Introduce the Quote

Essay Section: Supporting Evidence (Quotes)

Hi. My name is Regina Y. Favors. I am a college graduate of San Diego State University.  My major in college was English. I graduated with both a B.A. and M.A. in the major.  Now I teach English as a Second Language at Richland College, in Dallas, Texas. I started the position in January 2007.

I just told you 12 things about me. I introduced you to the following:

1) to my name,

2) to the fact that I am a college graduate,

3) to the college from which I graduated,

4) to my major in college,

5) to my B.A. degree,

6) to my M.A. degree,

7) to the fact that I teach,

8) to what I teach,

9) to where I teach,

10) to the city I live in,

11) to the state I live in, and

12) to when I started the teaching position.

Now you know some things about me.

This information is new to you. You have never met me. You did not know this information before I just told you. In other words, you have just been introduced to new information. You (as reader) and I are not friends and by reading these things about me, you have also just introduced yourself to this new information. This is a simplistic introduction to this comment, but it is satisfactory for the moment.

However, to add further to this comment, we will use two types of sources: 1) an excerpt from W.E.B. Du Bois’s work The Souls of Black Folk and 2) an excerpt from my graduate student paper entitled “Collaborative Perceptions: A ‘Work’ in Progress.” I have changed or added some wording within the sources for the purpose of illustrating the different methods of introducing a quote. I will use all or some portions of the following excerpt from Du Bois’s work within each discussion. This comment links multiple web pages. Click on the links below.

Here is the Du Bois quote:

After the Egyptian and Indian, the Greek and Roman, the Teuton and Mongolian, the Negro is a sort of seventh son, born with a veil, and gifted with second-sight in this American world,—a world which yields him no true self-consciousness, but only lets him see himself through the revelation of the other world.  It is a peculiar sensation, this double-consciousness, this sense of always looking at one’s self through the eyes of others, of measuring one’s soul by the tape of a world that looks on in amused contempt and pity. On ever feels his two-ness,—an American, a Negro; two souls, two thoughts, two unreconciled strivings; two warring ideals in one dark body, whose dogged strength alone keeps it from being torn asunder. (Du Bois )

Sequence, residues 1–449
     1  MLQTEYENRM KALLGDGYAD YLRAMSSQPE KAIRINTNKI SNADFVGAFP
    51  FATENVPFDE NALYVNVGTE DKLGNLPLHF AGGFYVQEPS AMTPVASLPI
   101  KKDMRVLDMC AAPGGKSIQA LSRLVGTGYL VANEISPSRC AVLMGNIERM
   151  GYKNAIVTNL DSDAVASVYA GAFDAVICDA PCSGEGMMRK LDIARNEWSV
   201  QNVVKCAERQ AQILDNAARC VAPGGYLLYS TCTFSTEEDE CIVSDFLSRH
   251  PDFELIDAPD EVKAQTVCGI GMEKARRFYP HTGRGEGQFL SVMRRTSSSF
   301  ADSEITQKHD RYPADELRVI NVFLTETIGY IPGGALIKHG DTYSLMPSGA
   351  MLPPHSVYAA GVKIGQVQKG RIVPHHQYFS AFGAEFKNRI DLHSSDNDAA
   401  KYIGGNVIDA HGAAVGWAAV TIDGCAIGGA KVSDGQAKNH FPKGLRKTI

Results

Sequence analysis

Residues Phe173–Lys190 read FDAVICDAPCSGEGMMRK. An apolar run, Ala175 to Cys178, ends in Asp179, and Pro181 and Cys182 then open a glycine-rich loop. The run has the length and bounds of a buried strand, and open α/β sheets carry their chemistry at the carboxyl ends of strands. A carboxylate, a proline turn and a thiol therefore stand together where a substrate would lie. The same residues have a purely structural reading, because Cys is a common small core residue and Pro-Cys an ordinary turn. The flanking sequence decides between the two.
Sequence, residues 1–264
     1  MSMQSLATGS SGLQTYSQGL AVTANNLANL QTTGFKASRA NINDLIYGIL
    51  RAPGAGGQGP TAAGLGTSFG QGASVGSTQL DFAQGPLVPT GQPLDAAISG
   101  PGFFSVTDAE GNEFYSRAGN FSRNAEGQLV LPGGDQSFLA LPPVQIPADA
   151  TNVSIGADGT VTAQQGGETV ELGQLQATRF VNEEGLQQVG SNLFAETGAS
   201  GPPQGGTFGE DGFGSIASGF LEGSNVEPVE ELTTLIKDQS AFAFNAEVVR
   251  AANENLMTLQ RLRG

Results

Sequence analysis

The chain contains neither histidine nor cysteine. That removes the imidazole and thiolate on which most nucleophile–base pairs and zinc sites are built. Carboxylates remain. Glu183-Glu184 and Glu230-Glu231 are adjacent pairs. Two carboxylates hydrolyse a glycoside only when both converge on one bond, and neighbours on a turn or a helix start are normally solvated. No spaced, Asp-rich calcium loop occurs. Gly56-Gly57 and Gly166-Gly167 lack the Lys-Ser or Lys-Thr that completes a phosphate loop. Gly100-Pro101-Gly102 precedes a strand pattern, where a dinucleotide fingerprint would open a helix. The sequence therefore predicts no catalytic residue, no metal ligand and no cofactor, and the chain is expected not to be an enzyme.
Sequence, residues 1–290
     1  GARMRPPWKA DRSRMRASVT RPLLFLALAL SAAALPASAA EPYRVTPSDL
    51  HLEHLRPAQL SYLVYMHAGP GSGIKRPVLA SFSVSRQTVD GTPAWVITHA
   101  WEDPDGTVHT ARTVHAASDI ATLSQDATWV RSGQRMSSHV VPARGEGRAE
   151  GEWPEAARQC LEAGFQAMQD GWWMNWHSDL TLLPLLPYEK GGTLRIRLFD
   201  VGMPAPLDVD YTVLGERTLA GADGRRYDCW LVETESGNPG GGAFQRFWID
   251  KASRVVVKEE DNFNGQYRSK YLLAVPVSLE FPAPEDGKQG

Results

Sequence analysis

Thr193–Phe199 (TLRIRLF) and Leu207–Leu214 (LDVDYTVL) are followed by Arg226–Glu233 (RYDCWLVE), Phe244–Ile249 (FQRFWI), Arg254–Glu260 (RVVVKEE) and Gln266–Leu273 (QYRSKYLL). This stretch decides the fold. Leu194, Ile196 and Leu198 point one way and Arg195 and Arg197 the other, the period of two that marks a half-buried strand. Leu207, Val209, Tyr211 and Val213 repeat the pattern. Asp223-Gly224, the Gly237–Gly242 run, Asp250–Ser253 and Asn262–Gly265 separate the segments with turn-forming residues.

Keep in mind that this comment is not definitive advice concerning the various ways of citing a parenthetical source. Refer to the standard manual that your professor requires you to use (i.e., APA, MLA, Chicago Style Manual, etc.) for more information on bibliographic and parenthetical citations.

This comment only represents an explanation of “common” problems and an explanation of what your professors typically mean when it comes to introducing quotes within your academic papers. This comment and the examples provided conform to the standards of MLA, in terms of basic principles.

Therefore, when you typically introduce a quote, and you are using MLA, keep in mind these four things as a method for determining how best to present the material accurately within your essays.

1. What’s Your Name?

2. What’s the Change?

3. This is my first time.

4. What’s Next?

Copyright 2011 Regina Y. Favors. All Rights Reserved.

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